Just when I thought I had broken enough bubbles, I painfully felt my ignorance yet again. Not many people around me had considered graduate school seriously since they had been focusing on industry internships, and I also had the naive idea that good grades paired with flashy internships would impress professors. In reality, graduate school is all about research - and when I finally started thinking about it during the final year, I had no research experience. As it turns out, people who worked as research assistants on minimum wage were far more ahead in the research game. This may seem obivios to those that have iteracted with academia, but it was a hard fact to swallow after being conditioned to chase after prestigious internships.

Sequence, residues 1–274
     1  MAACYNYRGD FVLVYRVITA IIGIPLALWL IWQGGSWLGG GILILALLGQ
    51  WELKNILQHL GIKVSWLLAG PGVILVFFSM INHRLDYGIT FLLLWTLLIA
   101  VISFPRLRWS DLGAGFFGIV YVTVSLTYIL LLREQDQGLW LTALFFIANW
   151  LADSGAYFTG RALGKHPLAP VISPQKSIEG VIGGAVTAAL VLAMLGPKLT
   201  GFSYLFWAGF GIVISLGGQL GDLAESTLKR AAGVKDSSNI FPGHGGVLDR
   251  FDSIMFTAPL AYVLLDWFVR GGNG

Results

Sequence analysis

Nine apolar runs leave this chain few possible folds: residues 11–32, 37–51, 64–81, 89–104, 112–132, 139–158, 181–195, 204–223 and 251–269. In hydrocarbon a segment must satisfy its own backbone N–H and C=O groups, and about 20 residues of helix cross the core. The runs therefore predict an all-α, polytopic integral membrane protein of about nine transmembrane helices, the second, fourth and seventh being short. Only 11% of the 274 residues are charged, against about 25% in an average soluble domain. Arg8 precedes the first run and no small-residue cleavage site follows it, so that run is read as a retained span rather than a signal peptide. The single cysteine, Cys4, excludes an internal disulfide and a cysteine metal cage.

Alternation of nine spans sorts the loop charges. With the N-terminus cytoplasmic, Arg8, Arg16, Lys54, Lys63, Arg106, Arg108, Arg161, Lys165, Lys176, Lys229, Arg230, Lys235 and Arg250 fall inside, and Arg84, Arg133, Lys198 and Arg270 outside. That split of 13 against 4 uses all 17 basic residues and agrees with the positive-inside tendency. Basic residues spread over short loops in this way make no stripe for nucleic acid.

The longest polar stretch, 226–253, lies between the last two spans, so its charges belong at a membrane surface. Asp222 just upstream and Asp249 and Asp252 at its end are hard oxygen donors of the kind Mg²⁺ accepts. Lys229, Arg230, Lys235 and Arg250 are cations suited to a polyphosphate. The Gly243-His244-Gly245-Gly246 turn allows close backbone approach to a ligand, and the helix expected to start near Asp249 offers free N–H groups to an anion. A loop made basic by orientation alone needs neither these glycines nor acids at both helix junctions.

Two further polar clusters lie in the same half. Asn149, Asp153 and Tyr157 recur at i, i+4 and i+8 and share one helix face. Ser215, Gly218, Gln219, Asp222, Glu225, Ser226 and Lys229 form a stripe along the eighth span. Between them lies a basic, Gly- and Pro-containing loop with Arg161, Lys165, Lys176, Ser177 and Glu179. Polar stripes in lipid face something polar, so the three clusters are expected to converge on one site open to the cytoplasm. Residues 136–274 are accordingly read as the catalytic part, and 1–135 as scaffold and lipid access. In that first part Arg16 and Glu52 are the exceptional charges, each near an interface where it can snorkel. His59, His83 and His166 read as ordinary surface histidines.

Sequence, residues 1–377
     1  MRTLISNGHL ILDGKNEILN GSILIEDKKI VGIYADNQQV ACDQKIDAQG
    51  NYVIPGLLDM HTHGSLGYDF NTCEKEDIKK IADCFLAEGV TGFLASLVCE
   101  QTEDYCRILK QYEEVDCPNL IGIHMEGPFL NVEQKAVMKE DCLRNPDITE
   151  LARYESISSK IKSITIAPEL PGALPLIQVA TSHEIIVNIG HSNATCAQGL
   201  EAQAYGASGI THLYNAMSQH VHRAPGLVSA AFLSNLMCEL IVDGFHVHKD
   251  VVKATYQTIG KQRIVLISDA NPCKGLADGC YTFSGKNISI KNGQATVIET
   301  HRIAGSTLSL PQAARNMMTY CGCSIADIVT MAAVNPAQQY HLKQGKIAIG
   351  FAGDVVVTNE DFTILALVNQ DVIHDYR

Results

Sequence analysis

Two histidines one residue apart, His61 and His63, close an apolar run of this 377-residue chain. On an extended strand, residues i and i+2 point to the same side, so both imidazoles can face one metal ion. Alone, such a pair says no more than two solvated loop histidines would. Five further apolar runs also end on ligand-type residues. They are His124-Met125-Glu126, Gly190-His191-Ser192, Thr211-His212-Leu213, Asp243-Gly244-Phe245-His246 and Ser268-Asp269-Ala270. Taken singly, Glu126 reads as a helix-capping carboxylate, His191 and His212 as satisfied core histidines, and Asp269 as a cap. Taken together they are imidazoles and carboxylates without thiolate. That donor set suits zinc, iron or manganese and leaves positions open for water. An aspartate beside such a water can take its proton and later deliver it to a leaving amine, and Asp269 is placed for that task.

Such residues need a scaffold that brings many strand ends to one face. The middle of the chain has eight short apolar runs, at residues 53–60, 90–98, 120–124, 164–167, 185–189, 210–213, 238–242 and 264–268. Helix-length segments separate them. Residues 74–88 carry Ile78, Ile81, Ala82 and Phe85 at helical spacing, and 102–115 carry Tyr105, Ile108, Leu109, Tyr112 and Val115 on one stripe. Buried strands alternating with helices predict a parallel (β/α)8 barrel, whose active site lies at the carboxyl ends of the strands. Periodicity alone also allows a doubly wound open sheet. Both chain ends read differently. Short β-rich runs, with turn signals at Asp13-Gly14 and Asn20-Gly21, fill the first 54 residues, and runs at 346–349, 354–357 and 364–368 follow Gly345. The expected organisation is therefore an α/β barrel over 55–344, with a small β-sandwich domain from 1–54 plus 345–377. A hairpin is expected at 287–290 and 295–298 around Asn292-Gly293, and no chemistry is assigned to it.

And I found that the best research students come from a variety of undergraduate programs and schools - many of which I had dismissed solely because they didn’t have high entrance bars. But of course, entrace bar simply measures the level of competition and doesn’t determine how well the program prepares you for future careers. I began reflecting on my education at Waterloo, and took a sober look at its strengths and weaknesses in comparison to other schools in the world. It reminded me that what drove me in the Waterloo enviroment was far from universal - I was playing one game, and people from other schools were playing theirs.